Noel called Saturday morning. "I want to talk to you," he said. "Can we go for a drive and have lunch somewhere?"
She hesitated, then said, "Give me an hour," and told him her address.
It was a cold, blustery March day. She dressed warmly in navy slacks and a white turtleneck sweater under a navy windbreaker. Above the white of the sweater her ivory skin gleamed. Noel's glance when he tucked her into the car, told her none of this was lost on him.
He was rather quiet as he maneuvered through the Saturday traffic. It was a friendly quiet, and Farah was content just to ride along. He followed the coastline north past Malibu. Heavy surf pounded the shores. The fury of the waves and the screaming of gulls could be heard over the purr of the engine.
"Is it too cold for a walk on the beach?" he asked.
"Oh, no. I'd love it."
Noel's body was braced against the wind was lean and hard. In a powder blue crewneck sweater and an Eisenhower jacket, he looked youthful. The wind ruffled their hair and deposited a light spray on their faces. It was cold but stimulating on the beach, and they ran and laughed and threw rocks into the water.
As they turned to retrace their steps Noel said, "Farah, the other night at Monica's I felt there was something special between us. Was I wrong in thinking that?"
She shook her head.
"Then why did you run out on me?"
"Things were going too fast. Besides ...," she hesitated, "I know you're married."
"My marriage is over. I moved out weeks ago."
"Are you planning to divorce?"
"I hadn't really planned to just yet. Because of my daughter. She hasn't been well for a long time and clings to me." He was silent for a while. "My marriage has been over for years. I only stayed because of Judy. She's recovering now, but she made me promise not to get a divorce until she's eighteen and starts to college. She's almost seventeen now."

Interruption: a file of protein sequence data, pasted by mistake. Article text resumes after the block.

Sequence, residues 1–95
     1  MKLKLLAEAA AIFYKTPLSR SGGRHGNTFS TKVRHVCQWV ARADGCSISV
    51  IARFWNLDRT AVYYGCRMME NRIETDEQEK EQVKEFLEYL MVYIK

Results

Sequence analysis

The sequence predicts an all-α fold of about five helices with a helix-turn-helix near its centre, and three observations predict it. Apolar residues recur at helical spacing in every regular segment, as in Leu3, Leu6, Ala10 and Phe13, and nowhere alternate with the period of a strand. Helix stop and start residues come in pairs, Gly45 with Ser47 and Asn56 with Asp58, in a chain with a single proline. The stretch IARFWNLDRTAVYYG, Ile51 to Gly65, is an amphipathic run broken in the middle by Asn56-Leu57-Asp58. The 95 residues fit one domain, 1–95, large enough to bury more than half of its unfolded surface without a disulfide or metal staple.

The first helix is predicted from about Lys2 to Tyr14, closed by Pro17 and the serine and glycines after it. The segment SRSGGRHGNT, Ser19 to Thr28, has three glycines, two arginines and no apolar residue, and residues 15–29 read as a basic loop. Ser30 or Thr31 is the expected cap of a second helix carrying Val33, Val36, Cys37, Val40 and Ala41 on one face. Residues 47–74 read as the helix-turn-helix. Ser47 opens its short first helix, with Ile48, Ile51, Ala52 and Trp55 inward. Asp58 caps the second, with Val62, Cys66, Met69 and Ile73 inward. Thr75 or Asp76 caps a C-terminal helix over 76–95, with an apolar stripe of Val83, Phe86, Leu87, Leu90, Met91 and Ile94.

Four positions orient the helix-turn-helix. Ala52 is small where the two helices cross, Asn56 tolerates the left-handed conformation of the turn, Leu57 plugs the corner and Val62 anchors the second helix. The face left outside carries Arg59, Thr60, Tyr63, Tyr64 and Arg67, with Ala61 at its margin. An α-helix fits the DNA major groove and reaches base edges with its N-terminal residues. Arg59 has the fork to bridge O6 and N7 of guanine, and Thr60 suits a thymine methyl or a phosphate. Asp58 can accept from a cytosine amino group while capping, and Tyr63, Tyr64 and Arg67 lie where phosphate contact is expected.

"Then you're not really free."
He didn't answer directly. Instead he said, "Farah, when I saw you across the room the other night at Monica's, I had such a strange feeling. I looked at you for the very first time, and it was sort of recognition. A mutual recognition. Don't tell me you didn't feel it, too."
"Yes, there was a ... recognition." She couldn't look at him. It was Donna he recognized, she thought. Somehow he looked into my soul and recognized Donna. And he loved me, Donna. She thought her heart would burst.
Noel stopped walking and faced her. "I've been telling myself for a week that I'm an old fool. Too old for someone as young as you." He reached out and smoothed back a tendril of her hair, dark and lustrous as it fell almost straight to her shoulders. "Am I too old for you, Farah? Do you think I'm too old? If you do, just tell me and I'll go away."
She said huskily, "You're the perfect age for me, Noel."
He kissed her lightly. Then the kiss became hungry, passionate. After a moment Farah broke away. Noel's expression showed that he felt rebuffed.
"I'll get a divorce, Farah," he said.
"But you promised your daughter."
"I'll talk to her. Surely she'll release me now from my promise."
She crept back into his arms. "If she loves you she'll want you to be happy." She didn't want to think about it now.
But the thought had intruded, and they began to notice the cold. Returning to the car, they drove until they found a restaurant with a view of the ocean. It was cozy and warm inside after the windswept beach, and almost empty. They lingered, talking, long after they had eaten.
"Tell me about yourself, Farah," Noel said.
So she told him of Farah's life with her parents and all that had happened thereafter, including the story about her having been hidden away from suspected assassins. It tore her apart to tell Noel these lies. She wanted no deceit between them. But she was committed now to being Farah forever.
Noel had followed her story with a rapt interest. He touched her cheek gently and said, "How terrifying it must have been for you. To take you away from everyone you knew, when it wasn't even necessary."
"I'm sure they meant well," Farah said.
"Still, it seems callous. When they decided you were out of danger did they just turn you loose? You said Louise had died."
"They offered to contact some distant relatives, but I wanted none of that. They were strangers. I didn't know what to do or where to go. It was a very bad time for me. Then I remembered Louise's brother, Jason, and decided to look him up. On his visits to Louise he had been very kind to me and I thought perhaps he could help me pick up the pieces. It wasn't a question of finances; I was well provided for."
Noel's face was so full of concern that the words almost stuck in her throat. But the worst was over. From now on her story was essentially true.